G. is the nominative for a young Italian/British man born in the 1880s, reared in the 1890s, ancillary witness to major movements in history (Garibaldi and the rise of socialism in England and beyond), and experiencing a kind of liberation from the constraints of 19th century mores, we have the meditations and liberties of sexuality that would have definitely been a part of the landscape, but missing from much of the literature.
This is a book, though, that doesn’t parody and mimic the structures and styles of the Victorian novel. Both John Fowles’s The French Lieutenant’s Woman and Peter Carey’s Oscar and Lucinda (which I will be reviewing next) do this, with varying levels of self-awareness.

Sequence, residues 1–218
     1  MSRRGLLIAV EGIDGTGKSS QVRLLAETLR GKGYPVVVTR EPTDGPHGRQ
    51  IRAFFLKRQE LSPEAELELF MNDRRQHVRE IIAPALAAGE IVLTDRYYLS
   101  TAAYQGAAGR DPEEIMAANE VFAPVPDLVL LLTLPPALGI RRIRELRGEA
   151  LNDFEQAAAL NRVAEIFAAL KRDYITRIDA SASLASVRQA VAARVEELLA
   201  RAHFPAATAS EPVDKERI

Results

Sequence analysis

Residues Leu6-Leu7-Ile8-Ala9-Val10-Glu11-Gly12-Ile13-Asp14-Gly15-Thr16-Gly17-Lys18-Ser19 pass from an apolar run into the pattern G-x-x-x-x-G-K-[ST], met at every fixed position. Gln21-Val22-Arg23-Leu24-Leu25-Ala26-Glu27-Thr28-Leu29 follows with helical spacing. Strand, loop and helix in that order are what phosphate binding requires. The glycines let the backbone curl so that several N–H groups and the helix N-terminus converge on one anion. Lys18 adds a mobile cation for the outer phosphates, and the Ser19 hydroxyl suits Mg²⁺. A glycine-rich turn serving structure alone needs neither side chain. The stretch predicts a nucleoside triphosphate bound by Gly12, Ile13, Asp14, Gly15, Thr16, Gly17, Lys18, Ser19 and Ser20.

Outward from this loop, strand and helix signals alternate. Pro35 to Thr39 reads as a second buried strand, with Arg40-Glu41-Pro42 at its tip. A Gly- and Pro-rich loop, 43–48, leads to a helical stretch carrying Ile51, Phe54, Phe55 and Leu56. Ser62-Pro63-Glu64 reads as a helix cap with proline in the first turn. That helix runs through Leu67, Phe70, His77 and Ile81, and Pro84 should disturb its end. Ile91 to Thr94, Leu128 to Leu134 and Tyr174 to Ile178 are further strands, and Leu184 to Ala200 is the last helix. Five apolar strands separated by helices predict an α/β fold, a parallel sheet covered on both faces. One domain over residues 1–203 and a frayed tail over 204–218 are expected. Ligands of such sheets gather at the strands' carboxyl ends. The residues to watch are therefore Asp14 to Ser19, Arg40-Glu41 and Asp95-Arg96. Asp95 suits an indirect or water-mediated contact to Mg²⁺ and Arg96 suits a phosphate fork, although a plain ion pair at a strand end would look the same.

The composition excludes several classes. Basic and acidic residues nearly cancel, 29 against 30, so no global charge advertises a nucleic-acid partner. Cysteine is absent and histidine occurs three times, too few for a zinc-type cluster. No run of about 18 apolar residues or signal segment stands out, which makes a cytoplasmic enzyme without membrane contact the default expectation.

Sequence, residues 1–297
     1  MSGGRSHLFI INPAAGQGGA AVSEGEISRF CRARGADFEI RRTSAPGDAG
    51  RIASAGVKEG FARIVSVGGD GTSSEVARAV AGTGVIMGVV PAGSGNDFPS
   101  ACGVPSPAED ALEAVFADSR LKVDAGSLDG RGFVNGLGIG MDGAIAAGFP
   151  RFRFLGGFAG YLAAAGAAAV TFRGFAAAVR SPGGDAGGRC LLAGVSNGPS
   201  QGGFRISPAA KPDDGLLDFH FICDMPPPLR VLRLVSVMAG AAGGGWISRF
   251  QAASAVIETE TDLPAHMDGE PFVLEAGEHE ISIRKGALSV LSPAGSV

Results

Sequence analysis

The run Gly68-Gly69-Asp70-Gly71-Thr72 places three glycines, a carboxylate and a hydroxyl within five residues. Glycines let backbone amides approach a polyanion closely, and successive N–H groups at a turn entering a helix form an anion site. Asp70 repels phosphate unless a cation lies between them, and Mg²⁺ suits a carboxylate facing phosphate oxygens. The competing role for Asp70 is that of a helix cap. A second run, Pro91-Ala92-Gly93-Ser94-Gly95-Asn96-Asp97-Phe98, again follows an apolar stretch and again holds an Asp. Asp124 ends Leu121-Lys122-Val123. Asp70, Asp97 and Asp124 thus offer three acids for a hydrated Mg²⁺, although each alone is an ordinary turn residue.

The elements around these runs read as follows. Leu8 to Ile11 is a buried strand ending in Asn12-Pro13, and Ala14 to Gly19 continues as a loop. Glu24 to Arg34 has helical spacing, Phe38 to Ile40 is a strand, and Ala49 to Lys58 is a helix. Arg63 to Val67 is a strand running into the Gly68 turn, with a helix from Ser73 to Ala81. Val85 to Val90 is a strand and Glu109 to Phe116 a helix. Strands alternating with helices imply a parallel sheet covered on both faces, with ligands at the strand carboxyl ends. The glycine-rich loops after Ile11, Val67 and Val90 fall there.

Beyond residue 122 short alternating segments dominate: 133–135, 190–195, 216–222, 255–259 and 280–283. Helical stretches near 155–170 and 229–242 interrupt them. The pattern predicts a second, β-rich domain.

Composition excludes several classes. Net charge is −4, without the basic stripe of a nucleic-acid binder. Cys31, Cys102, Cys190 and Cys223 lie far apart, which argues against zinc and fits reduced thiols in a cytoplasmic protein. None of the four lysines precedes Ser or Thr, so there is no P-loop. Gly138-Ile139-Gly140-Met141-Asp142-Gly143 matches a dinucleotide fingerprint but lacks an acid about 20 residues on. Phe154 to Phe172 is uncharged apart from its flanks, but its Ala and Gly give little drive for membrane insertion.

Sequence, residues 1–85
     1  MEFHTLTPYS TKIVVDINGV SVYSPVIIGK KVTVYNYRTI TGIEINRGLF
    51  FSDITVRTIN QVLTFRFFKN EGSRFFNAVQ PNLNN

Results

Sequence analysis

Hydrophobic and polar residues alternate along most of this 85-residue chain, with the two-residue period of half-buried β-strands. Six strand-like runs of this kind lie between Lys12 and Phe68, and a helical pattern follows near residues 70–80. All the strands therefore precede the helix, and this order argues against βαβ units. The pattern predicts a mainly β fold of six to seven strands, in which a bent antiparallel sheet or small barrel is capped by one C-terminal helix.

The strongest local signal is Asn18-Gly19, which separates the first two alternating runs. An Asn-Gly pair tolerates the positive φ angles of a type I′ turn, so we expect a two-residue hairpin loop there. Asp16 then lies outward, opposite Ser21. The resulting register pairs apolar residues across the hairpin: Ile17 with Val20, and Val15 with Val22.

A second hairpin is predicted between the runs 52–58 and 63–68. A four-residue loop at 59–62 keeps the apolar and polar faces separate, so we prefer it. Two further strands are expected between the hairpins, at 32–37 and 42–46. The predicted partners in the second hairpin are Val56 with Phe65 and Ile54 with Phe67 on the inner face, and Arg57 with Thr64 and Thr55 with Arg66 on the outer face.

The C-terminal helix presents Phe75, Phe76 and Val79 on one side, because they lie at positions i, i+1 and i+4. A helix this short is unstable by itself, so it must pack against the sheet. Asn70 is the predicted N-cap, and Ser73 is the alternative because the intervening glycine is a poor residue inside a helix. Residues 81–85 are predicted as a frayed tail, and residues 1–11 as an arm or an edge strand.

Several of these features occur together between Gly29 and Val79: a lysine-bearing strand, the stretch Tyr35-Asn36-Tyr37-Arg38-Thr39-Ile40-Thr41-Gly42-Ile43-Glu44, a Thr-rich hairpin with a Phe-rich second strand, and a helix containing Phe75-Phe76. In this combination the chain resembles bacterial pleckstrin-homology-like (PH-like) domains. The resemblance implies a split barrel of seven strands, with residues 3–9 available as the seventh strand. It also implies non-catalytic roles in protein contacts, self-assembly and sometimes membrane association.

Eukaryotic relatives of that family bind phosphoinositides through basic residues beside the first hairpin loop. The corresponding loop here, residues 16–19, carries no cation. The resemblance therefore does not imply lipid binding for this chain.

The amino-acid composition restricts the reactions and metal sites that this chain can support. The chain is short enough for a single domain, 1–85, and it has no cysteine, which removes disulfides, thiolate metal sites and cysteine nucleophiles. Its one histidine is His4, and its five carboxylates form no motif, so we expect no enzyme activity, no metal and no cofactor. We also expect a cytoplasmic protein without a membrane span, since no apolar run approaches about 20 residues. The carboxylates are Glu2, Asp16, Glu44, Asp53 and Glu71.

This novel is more like a series of journals and meditations, not unlike Virginia Woolf’s Orlando. It’s also posed like an art’s study, describing scenes not in narrative forms, but as pictures we’re viewing and considering. There’s also the addition and interpolation of doggerel and crude sexual drawings. It’s an interesting novel, and one that I was initally enthusiastic about, but also one that faded for me by the end. The middle dips, but the end is quite good. It’s a bit of a hidden gem among Booker Prize winning novels because the reading experience is somewhat sui generis, but it’s a departure from what a lot of the winning novels did through their texts.
I don’t think I will ever revisit it, but I might be more interested in John Berger’s nonfiction and essay writing (he’s primarily an art critic) if not more of his fiction.